Carlson said “stand your ground applies” to a person who “must be reasonably in fear of death or grave bodily harm” when using force in retaliation. Making that assessment can come under scrutiny, and circumstances are often difficult to prove in court.

“It cannot be casually employed,” Carlson said.

Kenneth Gaines, an associate professor at the University of South Carolina School of Law, said uses of force under threat occur suddenly without time for one to reflect
before retaliating.

“The safest thing to do is to make sure they reasonably believe deadly force is necessary in the first place,” Gaines said. “But, at what point does that happen?”

Immunity hearings, when the person invoking “stand your ground” goes before a judge before a trial, pose significant procedural problems, Gaines said.

“The defendant is forced to lay out the case beforehand. If it goes against them, then they have to go to trial and appeal after that,” he said.

A judge in Georgia also can rule before a trial in an immunity hearing.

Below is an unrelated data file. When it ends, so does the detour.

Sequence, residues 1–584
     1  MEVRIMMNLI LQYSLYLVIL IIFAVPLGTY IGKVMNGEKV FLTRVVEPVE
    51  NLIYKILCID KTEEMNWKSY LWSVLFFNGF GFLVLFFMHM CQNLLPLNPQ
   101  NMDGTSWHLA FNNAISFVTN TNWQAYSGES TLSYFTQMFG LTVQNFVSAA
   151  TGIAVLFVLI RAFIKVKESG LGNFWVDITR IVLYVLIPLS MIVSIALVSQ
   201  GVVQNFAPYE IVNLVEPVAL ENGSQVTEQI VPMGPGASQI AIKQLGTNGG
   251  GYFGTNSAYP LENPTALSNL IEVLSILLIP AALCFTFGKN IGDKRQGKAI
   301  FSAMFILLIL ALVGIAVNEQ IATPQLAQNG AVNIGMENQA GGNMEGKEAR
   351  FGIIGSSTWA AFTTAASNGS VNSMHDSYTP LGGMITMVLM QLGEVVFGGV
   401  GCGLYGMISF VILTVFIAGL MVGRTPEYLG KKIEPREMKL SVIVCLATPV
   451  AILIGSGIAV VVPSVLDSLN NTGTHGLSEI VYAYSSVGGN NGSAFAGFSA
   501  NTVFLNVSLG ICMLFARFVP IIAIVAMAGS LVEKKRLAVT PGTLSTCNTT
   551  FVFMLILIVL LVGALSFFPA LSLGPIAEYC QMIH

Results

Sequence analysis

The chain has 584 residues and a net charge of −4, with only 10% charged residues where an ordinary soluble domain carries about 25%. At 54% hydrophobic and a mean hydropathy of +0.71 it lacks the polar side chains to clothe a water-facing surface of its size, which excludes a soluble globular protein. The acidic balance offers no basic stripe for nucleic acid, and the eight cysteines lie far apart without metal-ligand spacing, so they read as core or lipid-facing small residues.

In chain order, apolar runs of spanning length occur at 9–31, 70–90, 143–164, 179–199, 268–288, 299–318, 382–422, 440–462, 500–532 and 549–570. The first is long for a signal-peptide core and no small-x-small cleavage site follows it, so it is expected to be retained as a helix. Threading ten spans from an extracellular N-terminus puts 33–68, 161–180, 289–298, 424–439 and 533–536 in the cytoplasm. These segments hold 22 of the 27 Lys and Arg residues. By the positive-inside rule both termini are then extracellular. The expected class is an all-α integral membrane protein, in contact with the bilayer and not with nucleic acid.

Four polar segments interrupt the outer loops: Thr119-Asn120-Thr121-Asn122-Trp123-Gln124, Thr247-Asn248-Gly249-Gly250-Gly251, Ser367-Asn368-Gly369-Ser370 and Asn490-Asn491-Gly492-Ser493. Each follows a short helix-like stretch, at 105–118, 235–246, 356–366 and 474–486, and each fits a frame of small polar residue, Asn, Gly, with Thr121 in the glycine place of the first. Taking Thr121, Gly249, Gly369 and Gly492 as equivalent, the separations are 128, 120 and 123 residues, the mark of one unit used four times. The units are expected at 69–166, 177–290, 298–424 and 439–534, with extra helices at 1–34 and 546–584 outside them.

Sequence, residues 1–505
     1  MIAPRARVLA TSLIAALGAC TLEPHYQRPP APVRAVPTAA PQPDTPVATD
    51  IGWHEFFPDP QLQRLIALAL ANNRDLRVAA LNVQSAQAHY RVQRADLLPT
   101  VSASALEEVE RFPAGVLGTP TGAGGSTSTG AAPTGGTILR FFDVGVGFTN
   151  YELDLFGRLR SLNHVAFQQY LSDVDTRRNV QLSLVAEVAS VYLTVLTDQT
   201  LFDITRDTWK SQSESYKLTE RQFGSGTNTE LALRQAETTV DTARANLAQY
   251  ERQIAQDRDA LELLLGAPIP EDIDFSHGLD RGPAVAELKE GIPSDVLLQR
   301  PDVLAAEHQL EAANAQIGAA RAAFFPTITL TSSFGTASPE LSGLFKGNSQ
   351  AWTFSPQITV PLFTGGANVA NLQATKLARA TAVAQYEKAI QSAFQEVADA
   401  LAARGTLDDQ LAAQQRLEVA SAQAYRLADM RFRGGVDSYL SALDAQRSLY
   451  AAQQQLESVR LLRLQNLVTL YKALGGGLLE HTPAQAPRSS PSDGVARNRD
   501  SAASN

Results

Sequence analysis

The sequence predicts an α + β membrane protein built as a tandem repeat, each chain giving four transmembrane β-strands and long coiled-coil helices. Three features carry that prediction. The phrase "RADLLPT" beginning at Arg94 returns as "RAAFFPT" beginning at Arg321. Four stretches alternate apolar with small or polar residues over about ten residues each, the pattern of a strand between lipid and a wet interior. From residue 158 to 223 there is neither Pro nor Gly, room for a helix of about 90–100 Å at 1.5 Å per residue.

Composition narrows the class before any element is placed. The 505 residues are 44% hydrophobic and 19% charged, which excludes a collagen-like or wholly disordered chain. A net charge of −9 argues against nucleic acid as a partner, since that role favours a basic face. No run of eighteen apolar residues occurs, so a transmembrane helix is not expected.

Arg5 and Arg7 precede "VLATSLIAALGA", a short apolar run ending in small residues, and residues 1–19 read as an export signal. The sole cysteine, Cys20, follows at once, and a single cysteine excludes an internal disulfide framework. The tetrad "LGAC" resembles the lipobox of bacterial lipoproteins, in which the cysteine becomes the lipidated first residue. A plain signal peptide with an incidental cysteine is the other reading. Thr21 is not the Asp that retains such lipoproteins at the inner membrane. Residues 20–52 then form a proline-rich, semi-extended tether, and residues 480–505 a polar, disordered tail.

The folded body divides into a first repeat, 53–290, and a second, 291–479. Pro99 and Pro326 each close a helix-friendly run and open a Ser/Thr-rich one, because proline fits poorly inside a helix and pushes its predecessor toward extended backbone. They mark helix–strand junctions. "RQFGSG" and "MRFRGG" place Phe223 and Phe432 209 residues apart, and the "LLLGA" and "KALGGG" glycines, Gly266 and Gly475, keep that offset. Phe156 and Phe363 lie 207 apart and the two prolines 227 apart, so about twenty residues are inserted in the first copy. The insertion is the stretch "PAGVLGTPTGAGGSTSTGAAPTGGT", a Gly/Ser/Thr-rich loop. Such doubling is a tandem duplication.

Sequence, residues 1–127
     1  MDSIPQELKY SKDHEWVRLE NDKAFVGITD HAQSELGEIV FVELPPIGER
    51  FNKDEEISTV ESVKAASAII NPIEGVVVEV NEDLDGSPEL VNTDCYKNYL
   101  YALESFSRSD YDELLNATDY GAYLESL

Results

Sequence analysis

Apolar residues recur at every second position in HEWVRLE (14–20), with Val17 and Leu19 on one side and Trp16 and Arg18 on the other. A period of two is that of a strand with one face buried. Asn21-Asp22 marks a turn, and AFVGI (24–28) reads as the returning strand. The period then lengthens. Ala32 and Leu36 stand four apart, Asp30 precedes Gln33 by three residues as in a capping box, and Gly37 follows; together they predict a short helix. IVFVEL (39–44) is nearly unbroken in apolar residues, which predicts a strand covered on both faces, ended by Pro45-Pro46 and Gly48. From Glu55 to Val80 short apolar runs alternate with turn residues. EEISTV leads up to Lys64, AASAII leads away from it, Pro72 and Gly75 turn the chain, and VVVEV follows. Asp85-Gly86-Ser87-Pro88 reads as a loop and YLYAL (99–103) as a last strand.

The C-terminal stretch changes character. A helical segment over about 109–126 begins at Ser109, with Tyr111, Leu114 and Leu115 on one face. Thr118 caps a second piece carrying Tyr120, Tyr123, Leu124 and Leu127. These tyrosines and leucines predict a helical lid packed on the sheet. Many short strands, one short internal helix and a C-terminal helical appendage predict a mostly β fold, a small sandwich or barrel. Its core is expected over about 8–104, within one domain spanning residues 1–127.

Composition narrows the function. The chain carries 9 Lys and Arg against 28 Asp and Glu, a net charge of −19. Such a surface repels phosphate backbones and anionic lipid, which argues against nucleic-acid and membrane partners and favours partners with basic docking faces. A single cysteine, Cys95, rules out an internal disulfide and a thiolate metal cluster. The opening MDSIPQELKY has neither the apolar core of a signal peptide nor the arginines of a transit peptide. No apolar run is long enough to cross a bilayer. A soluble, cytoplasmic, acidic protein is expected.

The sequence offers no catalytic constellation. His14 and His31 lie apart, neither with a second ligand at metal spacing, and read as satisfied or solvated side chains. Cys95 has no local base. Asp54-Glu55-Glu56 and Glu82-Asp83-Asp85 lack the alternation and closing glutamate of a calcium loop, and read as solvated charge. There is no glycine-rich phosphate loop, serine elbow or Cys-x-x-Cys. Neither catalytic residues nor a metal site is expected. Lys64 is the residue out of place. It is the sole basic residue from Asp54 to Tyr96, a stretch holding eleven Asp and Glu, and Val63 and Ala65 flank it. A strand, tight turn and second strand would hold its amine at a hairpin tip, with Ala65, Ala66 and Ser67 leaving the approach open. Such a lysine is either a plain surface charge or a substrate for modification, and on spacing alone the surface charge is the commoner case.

Critics of “stand your ground” laws, which exist in 22 states, are creating pressure to revisit legislation. Those who argue against the effectiveness of the laws say they create more conflict, violence and use of deadly force, Carlson said.

Still, supporters of “stand your ground” laws say they deter crime and permit a person to avoid being robbed, mugged or assaulted, he said.

Carlson said that there will be strong efforts in Georgia to reconsider the legislation, which was enacted in 2006 but that the majority opinion of the state Legislature will likely be not to change the law.

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Little Lamb
Little Lamb 08/28/13 - 10:39 pm
Good Clarification

From the story: